Hawkeye is picking up steam as its Christmas finale draws closer. A classic Marvel villain continues to be teased in small doses, while Black Widow’s Yelena Belova has made her grand entrance and Clint Barton and Kate Bishop have begun to act like a real team—at least until Kate nearly dies, a clear wake-up call to the danger Clint’s been putting her in.
“Partners, Am I Right?” is the shortest episode of Hawkeye yet, running at a brisk 40 minutes, but it packs in a lot of development to Clint and Kate’s relationship. It begins with Clint denying that they’re “partners” to Kate’s mom and Jack Duquesne after the latter find the two archers snooping around their penthouse, and it ends with Clint rejecting the same notion to Kate again, telling her that their Christmas adventure is over. But the moments in between find Clint beginning to trust Kate, as he finally reveals the truth about his dark past as Ronin.
Before everything goes sideways by the end of the episode, Kate helps make up for this whole Ronin mess that she’s gotten Clint into by spreading a little holiday cheer. That means bringing over some Christmas movie classics (including Tim Allen’s The Santa Clause), a tinsel tree with lights, a pair of Christmas sweaters, and even an outfit for the one and only Pizza Dog:
After getting a private lesson in how to turn quarter-sized objects into weapons, Kate asks her idol an innocuous question: “Best shot you ever took?” His response doesn’t lead to the exciting story that she’d been hoping for, though, as he replies that the best shot he had was the shot that he never took at all—the one that would’ve killed Natasha Romanoff before she had a chance to redeem herself as an Avenger. The main lesson that Clint is trying to teach his overeager protégé is the idea that the superhero life is serious and, ultimately, “a game of managing loss.” Kate’s question unravels the tangled threads of Clint’s past even further still, with him recounting the devastating (though temporary) loss of his family during the Blip and admitting to being Ronin. “Everybody dealt with the Blip in their own way,” Clint explains. “I continued doing what I was trained to do.”
“Protect people,” Kate responds.
“Hurting people,” he says. “Investigating first, but in the end, my job has always been to hurt people.”
Hawkeye continues to examine who Clint Barton is by unpacking his trauma after the events of the Infinity Saga. This conversation between Clint and Kate is followed by flashbacks pulled directly from scenes in Avengers: Endgame—images of Clint with his family before and after the Blip, as well as his last glimpse of Natasha before she fell to her death on Vormir. Like other Marvel projects in Phase 4, Hawkeye is utilizing the MCU’s past in order to move forward. Everything in the MCU was leading up to the standoff with Thanos (who was right, according to a mug that Kate’s eccentric aunt owns). Now that he’s been vanquished, the franchise is forcing itself to recognize the lasting toll that saga had on everyone—from normal citizens to its heroes. And the main conclusion of this exercise isn’t a shocking revelation, but it’s a profound one nonetheless: half the world’s population disappearing and then reappearing is not an easy thing to move past.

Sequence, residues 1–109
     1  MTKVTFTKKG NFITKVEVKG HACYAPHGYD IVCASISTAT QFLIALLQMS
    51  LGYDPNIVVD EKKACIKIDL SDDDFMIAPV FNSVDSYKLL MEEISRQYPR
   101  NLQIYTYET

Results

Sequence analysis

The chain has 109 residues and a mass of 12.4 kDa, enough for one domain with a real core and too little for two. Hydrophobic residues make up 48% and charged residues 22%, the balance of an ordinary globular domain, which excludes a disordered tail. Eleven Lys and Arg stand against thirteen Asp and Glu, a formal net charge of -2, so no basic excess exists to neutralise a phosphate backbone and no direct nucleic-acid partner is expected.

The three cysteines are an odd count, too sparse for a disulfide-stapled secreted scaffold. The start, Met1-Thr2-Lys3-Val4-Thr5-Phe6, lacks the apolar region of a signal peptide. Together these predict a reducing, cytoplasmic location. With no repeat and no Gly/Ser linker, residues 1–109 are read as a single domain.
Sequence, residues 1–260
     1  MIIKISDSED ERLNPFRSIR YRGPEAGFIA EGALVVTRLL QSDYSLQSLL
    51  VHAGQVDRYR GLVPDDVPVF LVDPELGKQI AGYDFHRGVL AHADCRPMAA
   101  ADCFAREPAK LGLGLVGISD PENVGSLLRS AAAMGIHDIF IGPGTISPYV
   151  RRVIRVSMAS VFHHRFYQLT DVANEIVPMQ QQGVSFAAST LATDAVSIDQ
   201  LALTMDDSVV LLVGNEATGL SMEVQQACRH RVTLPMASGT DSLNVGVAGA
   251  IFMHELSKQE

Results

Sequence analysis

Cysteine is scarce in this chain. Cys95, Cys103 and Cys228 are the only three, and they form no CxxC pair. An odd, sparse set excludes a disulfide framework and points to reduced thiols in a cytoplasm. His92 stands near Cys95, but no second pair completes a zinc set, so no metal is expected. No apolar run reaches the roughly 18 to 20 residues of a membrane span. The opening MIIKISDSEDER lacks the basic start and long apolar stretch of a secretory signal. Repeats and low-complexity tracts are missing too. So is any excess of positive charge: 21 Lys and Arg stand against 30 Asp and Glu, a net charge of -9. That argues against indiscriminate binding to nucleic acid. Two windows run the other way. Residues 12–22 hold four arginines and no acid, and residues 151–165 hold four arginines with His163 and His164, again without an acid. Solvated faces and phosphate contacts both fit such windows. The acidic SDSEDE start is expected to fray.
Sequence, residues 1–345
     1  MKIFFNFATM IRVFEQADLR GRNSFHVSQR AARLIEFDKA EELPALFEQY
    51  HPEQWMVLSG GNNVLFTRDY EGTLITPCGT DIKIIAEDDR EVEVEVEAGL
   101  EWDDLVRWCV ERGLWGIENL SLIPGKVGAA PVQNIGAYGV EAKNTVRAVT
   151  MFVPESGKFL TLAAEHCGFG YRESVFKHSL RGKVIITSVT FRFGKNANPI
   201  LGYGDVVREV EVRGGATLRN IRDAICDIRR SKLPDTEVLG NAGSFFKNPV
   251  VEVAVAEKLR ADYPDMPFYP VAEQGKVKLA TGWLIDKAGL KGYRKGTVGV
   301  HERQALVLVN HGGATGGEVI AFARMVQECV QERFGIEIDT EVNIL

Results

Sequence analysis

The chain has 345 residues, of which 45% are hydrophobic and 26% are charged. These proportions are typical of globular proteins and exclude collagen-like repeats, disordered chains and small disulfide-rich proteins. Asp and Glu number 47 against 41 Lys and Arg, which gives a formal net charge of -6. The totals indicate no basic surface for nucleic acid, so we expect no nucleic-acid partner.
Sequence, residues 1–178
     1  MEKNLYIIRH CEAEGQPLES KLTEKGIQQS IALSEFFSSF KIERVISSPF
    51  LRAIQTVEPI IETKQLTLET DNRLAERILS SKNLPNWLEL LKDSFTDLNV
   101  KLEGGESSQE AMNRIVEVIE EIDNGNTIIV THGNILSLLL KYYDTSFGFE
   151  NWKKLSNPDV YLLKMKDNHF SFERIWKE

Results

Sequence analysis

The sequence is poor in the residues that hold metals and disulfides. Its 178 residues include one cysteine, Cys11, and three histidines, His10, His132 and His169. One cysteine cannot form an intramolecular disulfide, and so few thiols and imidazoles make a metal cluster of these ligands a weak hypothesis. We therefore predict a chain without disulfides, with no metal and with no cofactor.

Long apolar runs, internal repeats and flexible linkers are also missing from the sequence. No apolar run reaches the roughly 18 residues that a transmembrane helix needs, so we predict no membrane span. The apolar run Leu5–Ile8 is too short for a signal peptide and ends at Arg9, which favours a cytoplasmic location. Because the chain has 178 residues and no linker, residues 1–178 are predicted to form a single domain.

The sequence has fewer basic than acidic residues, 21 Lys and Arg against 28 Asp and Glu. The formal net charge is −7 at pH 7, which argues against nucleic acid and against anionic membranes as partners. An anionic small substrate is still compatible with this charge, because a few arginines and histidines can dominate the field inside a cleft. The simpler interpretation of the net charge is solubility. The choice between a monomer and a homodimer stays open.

The conversation about Natasha and the flashback to her death also sets up the arrival of Yelena Belova. As Clint and Kate attempt to steal back a mysterious Rolex from Maya Lopez’s apartment, Clint receives a surprise visit from a skilled, masked assassin while serving as Kate’s lookout. He quickly discovers that she’s no mere assassin, but rather a Black Widow—just like Natasha—and realizes that the situation has gotten a lot more serious than it was when they were dealing only with the bumbling Tracksuit Mafia bros. When Kate almost falls to her death in a fight that features Maya, as well, Clint can’t help but see Natasha falling on Vormir. Yelena and Maya both escape, and Kate survives, but Clint is left with the realization that he can no longer put this 22-year-old’s life in jeopardy. For now, the tale of two Hawkeyes has become a story for Clint to finish on his own.
Reintroducing Yelena Belova
It took more than half of the season for it to happen, but Yelena Belova has finally arrived. Ever since the post-credits scene in Black Widow teased the appearance of Florence Pugh’s Belova in Hawkeye, fans have been awaiting the return of Natasha Romanoff’s scene-stealing adopted sister—and her grand entrance did not disappoint. Belova has yet to utter a single line, and she wears a mask for the majority of the only scene she’s in, but the Black Widow’s trademark electroshock bracelets (now featuring a fresh new tint of red) quickly give away Belova’s identity as she comes seeking revenge on the man responsible for her sister’s death.